Spring started where the dry winter ended, with below average rainfall across 92 per cent of the state making for the driest September on record.
The July to September period was the second driest on record, with rainfall across the state as a whole 65 per cent below average.
NSW Department of Primary Industries (DPI) Seasonal Conditions Coordinator Ian McGowen said most of the state received less than 10 mm of rainfall during September.
“The locations that received the most rainfall included the alpine areas, southern tablelands, the south of the central tablelands and areas of the northern slopes, lower Hunter Valley, Monaro and the far south east,” Mr McGowen said.
“Daytime temperature records were also broken with the state experiencing two of the hottest September days on record.
“Pasture growth remained low to moderate in some areas of the south and south east, but declined across most of the state as a result of the continued warmer than normal daytime temperatures combined with a lack of soil moisture, frosts and grazing pressure.
“In most areas winter crop yields were seriously affected by the combination of extremely dry conditions, frequent severe frosts and the extreme daytime temperatures during September.
“Where severely affected crops had sufficient biomass, they were cut for hay or silage. In many cases crops were grazed out to compensate for poor pasture production or to reduce the need for hand feeding livestock.”
Mr McGowen said the rainfall received in early October was very welcome, but unfortunately came too late for most crops, with potential yields already severely affected.
“However, the rain will benefit later maturing crops in areas of the south west slopes, the south east of the Murray Valley and the eastern Riverina and will allow for improved yields in surviving crops in other areas,” Mr McGowen said.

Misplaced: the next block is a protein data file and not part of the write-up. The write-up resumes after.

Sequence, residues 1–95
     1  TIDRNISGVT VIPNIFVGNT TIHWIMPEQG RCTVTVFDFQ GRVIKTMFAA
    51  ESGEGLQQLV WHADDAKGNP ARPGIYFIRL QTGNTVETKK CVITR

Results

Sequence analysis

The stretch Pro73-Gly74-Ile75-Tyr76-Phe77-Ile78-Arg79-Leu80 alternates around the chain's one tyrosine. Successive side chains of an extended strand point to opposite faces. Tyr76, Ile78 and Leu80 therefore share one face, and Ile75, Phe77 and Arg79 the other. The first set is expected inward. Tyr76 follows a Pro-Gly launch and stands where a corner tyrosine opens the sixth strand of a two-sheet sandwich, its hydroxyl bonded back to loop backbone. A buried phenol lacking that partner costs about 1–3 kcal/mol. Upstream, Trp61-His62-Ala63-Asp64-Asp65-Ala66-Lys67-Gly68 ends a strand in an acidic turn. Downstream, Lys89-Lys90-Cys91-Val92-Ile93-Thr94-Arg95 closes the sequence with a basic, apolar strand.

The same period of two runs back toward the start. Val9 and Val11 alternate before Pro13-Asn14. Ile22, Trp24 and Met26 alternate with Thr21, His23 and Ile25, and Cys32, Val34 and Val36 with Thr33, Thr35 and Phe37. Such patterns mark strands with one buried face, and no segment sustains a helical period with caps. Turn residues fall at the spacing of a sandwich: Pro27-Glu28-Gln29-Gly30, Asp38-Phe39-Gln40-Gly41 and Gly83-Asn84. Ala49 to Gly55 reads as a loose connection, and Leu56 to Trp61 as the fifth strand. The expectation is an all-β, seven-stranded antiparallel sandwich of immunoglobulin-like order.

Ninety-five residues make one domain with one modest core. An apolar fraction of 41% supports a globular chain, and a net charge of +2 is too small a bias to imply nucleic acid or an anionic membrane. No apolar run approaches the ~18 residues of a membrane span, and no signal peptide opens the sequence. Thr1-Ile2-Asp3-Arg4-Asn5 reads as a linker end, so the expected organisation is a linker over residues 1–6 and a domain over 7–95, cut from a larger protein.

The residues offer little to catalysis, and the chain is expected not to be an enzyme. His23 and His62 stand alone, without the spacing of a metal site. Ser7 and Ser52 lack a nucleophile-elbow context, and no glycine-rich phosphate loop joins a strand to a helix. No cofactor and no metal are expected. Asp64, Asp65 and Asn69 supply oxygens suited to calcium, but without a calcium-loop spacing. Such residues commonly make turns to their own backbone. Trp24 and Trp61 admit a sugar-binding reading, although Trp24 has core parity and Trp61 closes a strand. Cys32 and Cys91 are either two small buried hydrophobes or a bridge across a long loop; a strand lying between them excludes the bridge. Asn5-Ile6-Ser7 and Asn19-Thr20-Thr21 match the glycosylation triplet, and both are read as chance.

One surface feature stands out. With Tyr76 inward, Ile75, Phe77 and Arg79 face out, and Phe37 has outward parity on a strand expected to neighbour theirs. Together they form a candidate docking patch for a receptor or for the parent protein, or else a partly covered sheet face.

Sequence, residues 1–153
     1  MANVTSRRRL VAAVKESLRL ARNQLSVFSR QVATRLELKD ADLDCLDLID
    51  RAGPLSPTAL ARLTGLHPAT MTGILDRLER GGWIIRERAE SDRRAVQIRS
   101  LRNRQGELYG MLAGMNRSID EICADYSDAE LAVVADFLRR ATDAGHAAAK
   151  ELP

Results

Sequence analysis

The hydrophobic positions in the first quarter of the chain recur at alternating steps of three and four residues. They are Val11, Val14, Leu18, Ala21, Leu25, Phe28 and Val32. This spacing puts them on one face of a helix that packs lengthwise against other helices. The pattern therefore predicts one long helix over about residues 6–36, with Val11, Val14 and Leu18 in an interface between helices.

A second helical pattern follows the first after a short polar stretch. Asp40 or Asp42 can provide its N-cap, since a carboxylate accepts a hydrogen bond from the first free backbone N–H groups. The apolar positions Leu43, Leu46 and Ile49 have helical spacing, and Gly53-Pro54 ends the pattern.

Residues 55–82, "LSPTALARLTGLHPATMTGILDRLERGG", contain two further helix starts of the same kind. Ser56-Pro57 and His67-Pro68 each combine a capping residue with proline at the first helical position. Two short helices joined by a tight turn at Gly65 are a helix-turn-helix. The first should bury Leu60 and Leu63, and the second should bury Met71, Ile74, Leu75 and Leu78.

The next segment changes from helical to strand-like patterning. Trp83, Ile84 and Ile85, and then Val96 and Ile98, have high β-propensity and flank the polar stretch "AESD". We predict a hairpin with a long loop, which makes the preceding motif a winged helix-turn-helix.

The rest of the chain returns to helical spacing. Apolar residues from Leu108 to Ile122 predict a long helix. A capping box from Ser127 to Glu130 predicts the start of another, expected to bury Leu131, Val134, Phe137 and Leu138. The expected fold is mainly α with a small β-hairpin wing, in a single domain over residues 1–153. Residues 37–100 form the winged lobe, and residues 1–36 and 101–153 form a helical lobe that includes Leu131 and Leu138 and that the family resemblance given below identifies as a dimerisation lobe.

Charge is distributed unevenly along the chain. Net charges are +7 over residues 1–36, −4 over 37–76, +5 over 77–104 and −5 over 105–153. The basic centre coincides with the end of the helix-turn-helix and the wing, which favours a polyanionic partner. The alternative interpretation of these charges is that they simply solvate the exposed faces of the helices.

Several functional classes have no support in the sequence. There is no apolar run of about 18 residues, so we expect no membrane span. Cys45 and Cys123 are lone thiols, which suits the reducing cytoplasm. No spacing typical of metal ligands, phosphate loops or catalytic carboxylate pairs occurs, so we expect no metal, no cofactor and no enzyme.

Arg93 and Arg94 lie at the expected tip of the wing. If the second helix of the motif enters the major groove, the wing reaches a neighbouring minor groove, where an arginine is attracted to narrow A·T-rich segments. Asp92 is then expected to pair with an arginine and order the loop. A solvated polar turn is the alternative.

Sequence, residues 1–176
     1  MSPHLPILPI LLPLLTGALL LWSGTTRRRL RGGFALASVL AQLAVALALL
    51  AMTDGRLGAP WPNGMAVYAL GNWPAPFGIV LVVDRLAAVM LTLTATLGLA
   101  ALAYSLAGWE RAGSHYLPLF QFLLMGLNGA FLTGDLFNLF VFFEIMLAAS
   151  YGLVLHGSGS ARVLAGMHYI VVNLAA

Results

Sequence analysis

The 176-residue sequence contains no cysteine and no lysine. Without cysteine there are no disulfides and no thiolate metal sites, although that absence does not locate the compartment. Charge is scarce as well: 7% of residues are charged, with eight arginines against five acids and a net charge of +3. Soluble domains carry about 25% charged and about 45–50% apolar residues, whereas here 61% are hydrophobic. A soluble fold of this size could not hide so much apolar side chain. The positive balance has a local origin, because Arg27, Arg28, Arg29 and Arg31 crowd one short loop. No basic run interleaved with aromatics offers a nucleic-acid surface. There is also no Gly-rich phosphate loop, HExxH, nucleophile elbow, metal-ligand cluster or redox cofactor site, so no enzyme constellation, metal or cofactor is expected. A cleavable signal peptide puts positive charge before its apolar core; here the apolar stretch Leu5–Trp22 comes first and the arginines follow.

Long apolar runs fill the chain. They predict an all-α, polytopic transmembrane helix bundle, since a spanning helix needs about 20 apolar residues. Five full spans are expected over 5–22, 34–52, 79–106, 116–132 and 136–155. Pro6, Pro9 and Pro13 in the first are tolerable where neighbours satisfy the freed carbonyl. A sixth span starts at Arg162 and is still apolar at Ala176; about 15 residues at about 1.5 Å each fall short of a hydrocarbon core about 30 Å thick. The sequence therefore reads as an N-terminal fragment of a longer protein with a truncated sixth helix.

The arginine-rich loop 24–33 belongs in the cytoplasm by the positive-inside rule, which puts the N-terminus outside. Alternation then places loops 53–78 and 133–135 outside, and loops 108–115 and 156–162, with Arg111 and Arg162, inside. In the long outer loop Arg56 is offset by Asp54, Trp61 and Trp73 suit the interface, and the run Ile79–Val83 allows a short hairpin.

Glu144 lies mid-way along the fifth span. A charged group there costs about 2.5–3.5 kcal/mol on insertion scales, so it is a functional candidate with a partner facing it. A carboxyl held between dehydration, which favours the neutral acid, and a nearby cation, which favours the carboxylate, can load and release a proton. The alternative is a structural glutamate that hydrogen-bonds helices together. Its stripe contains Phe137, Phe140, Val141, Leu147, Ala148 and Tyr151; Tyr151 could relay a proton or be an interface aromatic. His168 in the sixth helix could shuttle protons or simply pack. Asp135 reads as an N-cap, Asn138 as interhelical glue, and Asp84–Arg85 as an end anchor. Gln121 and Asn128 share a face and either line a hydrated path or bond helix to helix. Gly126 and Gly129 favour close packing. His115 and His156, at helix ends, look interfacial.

“Harvest has commenced in the north west for canola and barley crops.
“The prospects for dryland summer cropping across much of the north west have improved due to the 25-100 mm of rainfall received in early October, with some areas receiving heavier falls. However, more rainfall is still needed to replenish depleted subsoil moisture reserves.
“Perennial and summer-growing pastures are responding well to the early October rainfall, particularly across the tablelands and slopes, but follow up falls will be necessary to sustain pasture growth.”
The Bureau of Meteorology’s seasonal rainfall outlooks for the October through to January period indicate there is a near-equal chance of drier or wetter than normal conditions across most of NSW.
There is a near-equal chance of cooler or warmer than normal daytime temperatures across most of NSW. Warmer than normal daytime temperatures are likely across areas of the south east, south and central coast and Murray Valley in the October to December period.
During October, wetter than normal conditions as well as cooler than normal daytime and overnight temperatures are likely across most of NSW. However, the rainfall outlook for November is for a near-equal chance of drier or wetter than normal conditions across most of NSW.
The Pacific Ocean remains in an El Niño Southern Oscillation (ENSO) neutral state, with the outlook from most global climate models suggesting either a late, weak La Niña event or ENSO neutral conditions are possible during spring. Late occurring La Niña events have historically been variable in their effects, and may not necessarily result in increased rainfall.
As conditions across much of the state are dry, primary producers are encouraged to visit www.droughthub.nsw.gov.au the one-stop-shop providing a range of services and support to assist farming families and farm businesses to prepare for and during dry times.
Source: NSW DPI. Primary producers can keep updated on NSW climactic conditions through the monthly seasonal conditions report available on the DPI website www.dpi.nsw.gov.au